For the 2000 model year, Harley-Davidson introduced a redesigned Softail frame. To maintain the visual styling of the Softail models, Harley knew that the Softail’s engine had to be solid-mounted. Harley also knew that a solid-mounted Twin Cam 88 engine would create too much vibration. The Factory’s solution was the new Twin Cam 88B motor.

The Twin Cam B-motor differs from an A-motor in that it has two counter-rotating balancers, one fore and aft of the flywheel assembly, that, together with the flywheels, negate nearly 100 percent of the engine’s primary vibration. The two balancers are connected to each other and the crankshaft by a roller chain. The flywheel’s pinion shaft and each rotating balance shaft have a chain sprocket with a timing mark that must be aligned to correctly position the balance shafts and flywheels for proper engine balance.

The drivechain is kept in adjustment by two hydraulically operated chain tensioners. The engine’s oil pump feeds oil to the hydraulic tensioners through a special oil galley. Three plastic chain guides, two top and one bottom, keep the drive chain running in a smooth arch. The B-motor’s crankshaft assembly is the same as an A-motor’s, except for the right flywheel/pinion shaft unit and the addition of a chain drive sprocket, which is pressed onto the pinion shaft. The entire counter-balancing system adds about 14 pounds to the engine.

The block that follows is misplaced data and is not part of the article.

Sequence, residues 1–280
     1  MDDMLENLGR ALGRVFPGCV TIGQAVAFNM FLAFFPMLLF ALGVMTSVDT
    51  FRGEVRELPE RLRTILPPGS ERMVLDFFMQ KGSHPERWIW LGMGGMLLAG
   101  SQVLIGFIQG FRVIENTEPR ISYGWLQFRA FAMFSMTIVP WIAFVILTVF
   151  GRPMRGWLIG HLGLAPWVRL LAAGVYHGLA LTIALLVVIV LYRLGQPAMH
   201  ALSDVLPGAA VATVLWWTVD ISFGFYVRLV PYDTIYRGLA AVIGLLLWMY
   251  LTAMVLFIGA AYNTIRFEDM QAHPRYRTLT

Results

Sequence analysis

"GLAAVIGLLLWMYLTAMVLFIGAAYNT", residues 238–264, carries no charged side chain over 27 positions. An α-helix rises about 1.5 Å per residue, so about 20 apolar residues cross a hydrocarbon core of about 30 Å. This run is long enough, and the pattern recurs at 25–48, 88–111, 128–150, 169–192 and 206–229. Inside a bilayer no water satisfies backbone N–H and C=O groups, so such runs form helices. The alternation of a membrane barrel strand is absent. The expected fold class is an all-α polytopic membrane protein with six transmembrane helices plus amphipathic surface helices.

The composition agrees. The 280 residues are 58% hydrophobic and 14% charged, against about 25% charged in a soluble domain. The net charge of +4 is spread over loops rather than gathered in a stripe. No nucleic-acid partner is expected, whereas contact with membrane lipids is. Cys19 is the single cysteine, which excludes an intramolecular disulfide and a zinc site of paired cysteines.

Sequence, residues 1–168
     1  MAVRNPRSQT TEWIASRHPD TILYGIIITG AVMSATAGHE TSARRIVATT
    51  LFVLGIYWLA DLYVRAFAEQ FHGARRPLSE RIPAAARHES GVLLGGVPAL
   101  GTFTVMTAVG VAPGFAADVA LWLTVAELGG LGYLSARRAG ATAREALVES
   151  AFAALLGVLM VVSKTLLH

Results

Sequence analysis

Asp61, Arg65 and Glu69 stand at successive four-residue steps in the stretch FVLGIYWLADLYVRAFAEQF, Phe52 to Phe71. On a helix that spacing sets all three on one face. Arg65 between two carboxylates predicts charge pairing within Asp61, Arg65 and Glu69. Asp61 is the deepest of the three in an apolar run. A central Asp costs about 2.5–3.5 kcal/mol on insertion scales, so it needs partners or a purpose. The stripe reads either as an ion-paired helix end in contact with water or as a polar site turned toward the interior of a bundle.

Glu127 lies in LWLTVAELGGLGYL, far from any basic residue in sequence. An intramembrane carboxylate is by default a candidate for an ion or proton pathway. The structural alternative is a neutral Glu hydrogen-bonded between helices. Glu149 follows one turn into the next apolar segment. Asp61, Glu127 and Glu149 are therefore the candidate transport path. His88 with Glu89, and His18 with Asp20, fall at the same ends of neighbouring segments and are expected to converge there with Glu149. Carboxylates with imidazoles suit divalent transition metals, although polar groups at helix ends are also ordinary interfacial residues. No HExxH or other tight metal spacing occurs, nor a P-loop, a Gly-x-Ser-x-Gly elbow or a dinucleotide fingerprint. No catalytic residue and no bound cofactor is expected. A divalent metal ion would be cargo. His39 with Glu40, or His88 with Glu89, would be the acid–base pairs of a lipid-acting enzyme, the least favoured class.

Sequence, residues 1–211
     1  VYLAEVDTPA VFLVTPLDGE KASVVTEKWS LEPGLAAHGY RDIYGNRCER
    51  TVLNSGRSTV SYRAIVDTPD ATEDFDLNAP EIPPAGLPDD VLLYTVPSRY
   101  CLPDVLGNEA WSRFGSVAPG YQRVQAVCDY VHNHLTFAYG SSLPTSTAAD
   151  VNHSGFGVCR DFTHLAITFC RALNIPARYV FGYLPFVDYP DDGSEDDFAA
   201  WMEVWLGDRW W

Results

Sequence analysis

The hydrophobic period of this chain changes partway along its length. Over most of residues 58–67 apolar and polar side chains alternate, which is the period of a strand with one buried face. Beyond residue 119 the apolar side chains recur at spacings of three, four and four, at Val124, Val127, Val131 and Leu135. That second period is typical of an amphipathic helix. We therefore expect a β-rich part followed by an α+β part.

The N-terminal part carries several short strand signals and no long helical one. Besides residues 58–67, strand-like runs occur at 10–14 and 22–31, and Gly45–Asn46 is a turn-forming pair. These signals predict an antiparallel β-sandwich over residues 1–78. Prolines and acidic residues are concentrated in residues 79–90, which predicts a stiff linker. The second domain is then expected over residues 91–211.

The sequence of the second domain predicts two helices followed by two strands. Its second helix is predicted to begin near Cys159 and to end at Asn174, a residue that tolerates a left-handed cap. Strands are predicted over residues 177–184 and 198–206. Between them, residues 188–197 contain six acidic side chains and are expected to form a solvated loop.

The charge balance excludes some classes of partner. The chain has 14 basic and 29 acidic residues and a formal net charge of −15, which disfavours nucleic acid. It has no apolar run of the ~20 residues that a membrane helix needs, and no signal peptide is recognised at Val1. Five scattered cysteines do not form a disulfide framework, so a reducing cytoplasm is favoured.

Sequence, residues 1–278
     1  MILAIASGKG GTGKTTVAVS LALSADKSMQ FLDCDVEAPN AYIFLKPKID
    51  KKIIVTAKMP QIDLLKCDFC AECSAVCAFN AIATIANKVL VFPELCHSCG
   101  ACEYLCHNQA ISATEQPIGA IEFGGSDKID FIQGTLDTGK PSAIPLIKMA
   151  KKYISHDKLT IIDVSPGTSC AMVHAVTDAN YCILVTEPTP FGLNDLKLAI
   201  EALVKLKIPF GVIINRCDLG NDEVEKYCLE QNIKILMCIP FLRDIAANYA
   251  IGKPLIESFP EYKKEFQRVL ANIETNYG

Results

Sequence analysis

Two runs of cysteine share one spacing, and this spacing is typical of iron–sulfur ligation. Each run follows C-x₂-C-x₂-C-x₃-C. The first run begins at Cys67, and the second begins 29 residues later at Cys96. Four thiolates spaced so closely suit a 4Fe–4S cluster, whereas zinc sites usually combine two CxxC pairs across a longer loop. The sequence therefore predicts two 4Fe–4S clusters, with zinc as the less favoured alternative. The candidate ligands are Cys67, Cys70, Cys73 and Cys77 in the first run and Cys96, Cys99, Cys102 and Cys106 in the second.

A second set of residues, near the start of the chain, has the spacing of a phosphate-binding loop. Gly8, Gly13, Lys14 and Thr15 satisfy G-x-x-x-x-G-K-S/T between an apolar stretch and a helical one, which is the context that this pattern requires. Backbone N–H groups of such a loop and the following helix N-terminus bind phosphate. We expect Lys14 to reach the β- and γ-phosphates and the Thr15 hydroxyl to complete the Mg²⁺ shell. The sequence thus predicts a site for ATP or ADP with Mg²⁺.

For the most part, the Twin Cam B-motor counter-rotating balancer system is relatively maintenance free. However, under certain conditions the chain drive sprocket pressed on the crank’s pinion shaft can slip, throwing the balance shafts out of alignment and the engine violently out of balance. Additionally, when riding on the street and suddenly closing the throttle, a B-motor can cause a “pushing” effect, which can require more braking than desirable.

Charlie Lawlor of Short Block Charlie’s in Tempe, Arizona, has developed two modifications that fix both balancer problems while improving engine acceleration. To address the engine’s out of balance problem caused by the drive chain sprocket slipping out of alignment on the crank’s pinion shaft, Charlie TIG welds the chain sprocket to the shaft. To eliminate the engine’s “pushing” effect, Charlie reduces the weight of the steel rotating balance shafts and matches their individual weights to closer than Factory tolerances. The two modifications smooth out the engine, allow for faster acceleration, and reduce the “pushing” effect while providing a more durable and worry-free engine.

Charlie can perform these worthwhile modifications on a new “crate” engine, used engine, or engine damaged with skewed balancers or a shifted crank. Of course, since the crankcase must be disassembled, these modifications are best done when doing major performance work like installing a stroker crank or big-bore cylinders requiring case machining. For additional information on building a bullet-proof bottom end, check out the companion article in this issue of HOT BIKE that explains how to improve bottom end durability by installing a left-side Timken bearing in ’03 and later Twin Cam engines.